This week’s post was written by my friend and Center for Executive Excellence Senior Executive Consultant, Michael Coffey. Michael actually trained me in how to be a more effective leader before Center for Executive Excellence was founded. There are few people who I trust with delivering results for our clients than Michael. He balances humor and humility with listening and learning to help our clients grow themselves and their team. – Sheri Nasim
Most managers are good technicians. They focus on the pragmatic planning and organizing to get the hands-on work accomplished through their teams.
Yet, many managers have deficiencies in “soft skills” – how to communicate, listen and empathize with those around them. There are important differences between managing and leading people. Leading others effectively requires a mastery of the soft skills necessary to inspire people to work at their full potential and take part in something bigger than themselves.
A symptom of a typical manager is that they take a “task with consequences” approach to their work versus inspiring their team to work for a greater cause. Coaching managers away from the “task with consequences” approach and toward a “boss as coach” model helps bridge the soft skills gap and create alignment. It’s an approach that goes beyond the “what” and “how” and toward the “why” to help team members discover how their individual values and professional goals align.
Here are 10 goals for managers to work toward building their “boss as coach” soft skills:
1. Articulate the organization’s vision, purpose, direction, strategies, major goals and actions.
2. Involve/include team members to acquire understanding, connection, commitment, passion and ownership.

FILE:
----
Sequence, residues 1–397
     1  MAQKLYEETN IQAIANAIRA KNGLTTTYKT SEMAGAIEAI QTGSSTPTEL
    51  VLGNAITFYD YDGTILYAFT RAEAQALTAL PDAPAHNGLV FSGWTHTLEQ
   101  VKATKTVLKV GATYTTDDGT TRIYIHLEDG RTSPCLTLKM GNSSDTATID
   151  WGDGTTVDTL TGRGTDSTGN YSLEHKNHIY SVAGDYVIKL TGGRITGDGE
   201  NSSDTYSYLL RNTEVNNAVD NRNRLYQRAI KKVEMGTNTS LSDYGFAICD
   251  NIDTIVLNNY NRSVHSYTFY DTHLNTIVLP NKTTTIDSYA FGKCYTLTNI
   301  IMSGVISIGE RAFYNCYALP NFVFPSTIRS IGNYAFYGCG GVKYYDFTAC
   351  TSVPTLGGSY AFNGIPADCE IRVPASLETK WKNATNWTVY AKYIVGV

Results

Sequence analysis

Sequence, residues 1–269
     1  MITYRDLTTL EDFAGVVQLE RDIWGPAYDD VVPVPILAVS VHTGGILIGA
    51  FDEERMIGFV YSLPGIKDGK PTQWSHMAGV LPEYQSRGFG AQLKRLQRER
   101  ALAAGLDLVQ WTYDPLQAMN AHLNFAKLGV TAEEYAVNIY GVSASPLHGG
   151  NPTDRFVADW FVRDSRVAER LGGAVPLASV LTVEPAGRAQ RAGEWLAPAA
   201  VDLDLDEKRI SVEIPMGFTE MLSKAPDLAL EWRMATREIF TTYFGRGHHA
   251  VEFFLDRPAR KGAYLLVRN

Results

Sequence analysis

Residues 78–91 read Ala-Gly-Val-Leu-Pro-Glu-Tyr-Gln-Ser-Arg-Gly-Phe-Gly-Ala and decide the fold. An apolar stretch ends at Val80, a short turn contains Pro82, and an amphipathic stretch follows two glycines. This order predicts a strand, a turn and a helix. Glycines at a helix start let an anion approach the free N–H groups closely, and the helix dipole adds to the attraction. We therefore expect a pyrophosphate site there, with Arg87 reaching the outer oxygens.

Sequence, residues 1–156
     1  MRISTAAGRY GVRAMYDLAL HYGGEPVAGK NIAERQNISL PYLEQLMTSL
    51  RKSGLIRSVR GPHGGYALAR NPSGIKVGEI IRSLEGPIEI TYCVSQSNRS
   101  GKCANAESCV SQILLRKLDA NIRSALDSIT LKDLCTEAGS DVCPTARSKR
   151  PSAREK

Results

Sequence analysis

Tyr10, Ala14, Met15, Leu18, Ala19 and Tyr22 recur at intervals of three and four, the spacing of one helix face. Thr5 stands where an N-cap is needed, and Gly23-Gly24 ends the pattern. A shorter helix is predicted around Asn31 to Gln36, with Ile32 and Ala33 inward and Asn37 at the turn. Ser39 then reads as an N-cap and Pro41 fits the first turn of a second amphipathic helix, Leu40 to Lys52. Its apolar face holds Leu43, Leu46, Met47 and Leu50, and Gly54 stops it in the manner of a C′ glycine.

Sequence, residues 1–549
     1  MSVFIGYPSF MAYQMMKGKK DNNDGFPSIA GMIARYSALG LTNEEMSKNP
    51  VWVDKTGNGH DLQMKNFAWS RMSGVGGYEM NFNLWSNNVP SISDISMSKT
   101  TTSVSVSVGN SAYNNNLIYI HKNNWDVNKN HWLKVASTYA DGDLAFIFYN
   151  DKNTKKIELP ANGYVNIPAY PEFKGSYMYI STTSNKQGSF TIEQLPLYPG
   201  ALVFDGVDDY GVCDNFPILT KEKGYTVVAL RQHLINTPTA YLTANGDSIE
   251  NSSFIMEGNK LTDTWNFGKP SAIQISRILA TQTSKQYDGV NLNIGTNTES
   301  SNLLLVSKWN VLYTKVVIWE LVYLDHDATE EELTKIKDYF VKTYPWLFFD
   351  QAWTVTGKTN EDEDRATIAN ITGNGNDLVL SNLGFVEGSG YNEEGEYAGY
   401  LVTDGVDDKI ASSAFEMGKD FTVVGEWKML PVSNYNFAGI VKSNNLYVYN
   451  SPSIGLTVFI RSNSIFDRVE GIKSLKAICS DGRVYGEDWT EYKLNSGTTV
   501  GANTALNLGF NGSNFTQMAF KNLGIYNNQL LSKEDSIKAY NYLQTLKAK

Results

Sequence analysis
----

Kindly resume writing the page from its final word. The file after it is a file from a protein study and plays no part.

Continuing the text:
3. Align team member goals, actions and expectations with those of the organization.
4. Remove barriers and provide resources.
5. Follow up and hold people accountable.
6. Promote feedback, input and idea-sharing from team members.
7. Challenge and inspire team members to stretch for greatness.
8. Develop and grow people through meaningful work.
9. Increase work/career satisfaction and personal fulfillment.
10. Create a positive, productive community of team members who volunteer their best and fulfill their potential.
When the vision, mission and culture of an organization are in alignment with the individual’s values and professional goals, employees are more committed to the organization, more productive, and happier at their job.
Question: As a leader, how do you align individual goals to the organization’s big picture goals?
Michael J. Coffey, MA is a Senior Executive Consultant for Center for Executive Excellence who brings over 22 years of hands-on experience as a senior leader, certified executive coach, team facilitator, strategic organizational and talent development consultant, trainer, and entrepreneur.
Michael’s approach focuses on double-loop learning as you pursue leadership mastery, organizational and cultural transformation. Michael has authored numerous enterprise-wide leadership training programs, focusing on values alignment, servant leadership, managing people, and leading strategically.
Driven by the premise that excellence is the result of aligning people, purpose and performance, Center for Executive Excellence facilitates training in leading self, leading teams and leading organizations. To learn more, subscribe to receive CEE News!